Maurice (pronounced "Morris") Conway is the mountaineer for our team. Any scientific research expedition that ventures into the "Deep Field" (any area beyond McMurdo and associated hub-fieldcamps - like the Central TransAntarctic Mountains - CTAM) must have a mountaineer accompany them. This is to insure their safety in the field. Before going out into the field, Maurice's job is to make sure all the equipment that is necessary for safety is gathered and is all in good shape or functioning properly. While in the field, Maurice insures that camp is secure (all items properly tied down so they don't blow away, not set up in a dangerous area - i.e. over a crevasse on a glacier, etc.). He also assists with glacier travel such as making sure everyone has their harnesses on properly, knots are tied correctly, crampons are fitted and secure, and ice axe techniques are well understood (self-arrest procedures, testing for crevasses, etc.). Maurice's skills as a paramedic will come in very useful should a medical emergency arise. Another of his tasks in camp is as "Chief Pizza Maker". Every Saturday night, Maurice traditionally bakes pizzas in a Coleman oven on the stove. I came down here, expecting more traditional camping fare, so this was a real treat!

Maurice Conway, our mountaineer
Here's Maurice Conway, our mountaineer. He'd just returned from another expedition and met us in Crary Lab to plan for our expedition.

In addition to keeping all of us safe, he also assists the scientists. The expedition he was on prior to ours was with his brother, Howard "Twit" Conway, who is also on our expedition. On that project, they were at Roosevelt Island (in the Ross Sea, locked in the Ross Ice Shelf). There, they were pulling radar equipment behind snowmachines on a series of grid transects to determine the depth of the ice shelf. During our expedition, Maurice will again be assisting Twit. This time they will be flying in a Twin OtterA highly maneuverable utility aircraft developed by de Havilland Canada. It can be flown slowly and in tight circles, and is designed for 20 passengers, short takeoffs and landings, and often used for cargo, passengers, and as a science platform. aircraft with radar conducting surveys over the Shackleton, Scott, and Beardmore Glaciers. Once they have completed this task, they will join us in our next camp on Mt. Kyffin.

Maurice first came to Antarctica in 1979 in the capacity of mountaineer for a German geological expedition. They sailed to Antarctica on a German research vessel; the voyage took them five days. Once was enough for him to be hooked; he said he knew he had to return because it was so "awe inspiring". For the next eleven seasons (a season is the austral summer), he continued to return with the same German scientists. For the other seasons, he has contracted as a mountaineer for other scientific groups funded by the United States National Science Foundation (NSF). Maurice has 25 seasons of experience under his belt; he has only missed a few seasons working in Antarctica.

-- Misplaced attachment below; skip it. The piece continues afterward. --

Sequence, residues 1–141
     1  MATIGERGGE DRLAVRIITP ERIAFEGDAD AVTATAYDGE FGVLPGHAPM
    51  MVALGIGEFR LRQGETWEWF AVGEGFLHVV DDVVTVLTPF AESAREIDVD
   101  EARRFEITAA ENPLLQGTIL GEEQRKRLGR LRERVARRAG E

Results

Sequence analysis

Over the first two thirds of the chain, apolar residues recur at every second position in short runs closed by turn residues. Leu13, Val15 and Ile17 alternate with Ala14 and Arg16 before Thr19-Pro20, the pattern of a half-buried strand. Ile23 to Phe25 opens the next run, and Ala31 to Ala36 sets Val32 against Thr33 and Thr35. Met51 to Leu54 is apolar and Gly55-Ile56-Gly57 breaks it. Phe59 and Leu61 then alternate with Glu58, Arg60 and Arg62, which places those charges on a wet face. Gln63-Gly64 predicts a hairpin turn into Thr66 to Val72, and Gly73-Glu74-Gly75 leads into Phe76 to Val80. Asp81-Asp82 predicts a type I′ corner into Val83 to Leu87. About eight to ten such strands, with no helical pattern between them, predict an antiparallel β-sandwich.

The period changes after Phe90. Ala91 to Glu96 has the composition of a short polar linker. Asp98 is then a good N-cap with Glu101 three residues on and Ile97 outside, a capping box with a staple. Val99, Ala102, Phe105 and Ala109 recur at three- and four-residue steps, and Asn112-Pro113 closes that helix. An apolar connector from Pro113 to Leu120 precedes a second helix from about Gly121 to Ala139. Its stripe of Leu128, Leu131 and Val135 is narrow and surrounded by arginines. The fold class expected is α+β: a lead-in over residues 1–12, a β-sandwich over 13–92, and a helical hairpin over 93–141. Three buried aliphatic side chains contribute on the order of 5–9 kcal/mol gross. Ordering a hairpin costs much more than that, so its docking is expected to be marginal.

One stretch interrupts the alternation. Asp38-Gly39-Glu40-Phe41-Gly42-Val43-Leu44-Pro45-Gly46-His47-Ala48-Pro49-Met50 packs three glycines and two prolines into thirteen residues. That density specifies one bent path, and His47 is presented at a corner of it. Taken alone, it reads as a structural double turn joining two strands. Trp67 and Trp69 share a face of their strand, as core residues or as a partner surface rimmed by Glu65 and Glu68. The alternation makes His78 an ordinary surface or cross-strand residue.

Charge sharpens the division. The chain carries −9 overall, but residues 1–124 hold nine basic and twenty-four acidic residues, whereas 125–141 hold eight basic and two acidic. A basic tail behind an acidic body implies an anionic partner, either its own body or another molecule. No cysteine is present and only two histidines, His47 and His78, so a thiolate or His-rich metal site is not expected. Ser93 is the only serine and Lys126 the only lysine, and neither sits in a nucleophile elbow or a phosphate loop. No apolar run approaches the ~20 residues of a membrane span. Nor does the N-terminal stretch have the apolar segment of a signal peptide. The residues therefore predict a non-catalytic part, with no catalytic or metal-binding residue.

ohn Stone, Seth Cowdrey, Maurice Conway, and Twit Conway on top of Mt. Hope
John Stone, Seth Cowdrey, Maurice Conway, and Twit Conway on top of Mt. Hope, Antarctica. Mt. Hope is so named because Shackleton climbed it and saw what he 'hoped' would be the route up the Beardmore Glacier to the South Pole. Scott took this route and proved that is was a path. (Photo courtesy John Stone, 2008.)

He says the things he enjoys the most about coming to Antarctica is the scenery, the comraderie with scientists and support staff who have become close friends, and the quality time he can spend with his brother, Twit. He hopes to continue working here until he can no longer pass the physical qualifications required by NSF. Maurice truly loves what he does down here; to him, it's like a "paid holiday".

He began his adventures when his father took him on his first mountaineering trip when he was twelve. They ascended an 8,000+ ft. volcano on New Zealand's north island. It had a ice summit which required crampons, an ice axe, and being roped up. Because of that trip, he fell in love with mountains and knew he had to find a way to get paid to do this kind of work. During the austral winter (our summer) when it is dark 24 hours/day in Antarctica, Maurice is an EMT in Thames, New Zealand. He has two sons, both of which share some of his love of being outdoors and climbing. His oldest son has just received his geology degree and is working in North America; his second son is an arborist.

Maurice is a fun person to be around and his experience truly makes me feel safe in this potentially threatening, beautiful land. I'm so very glad to have met him and to have him along on my expedition.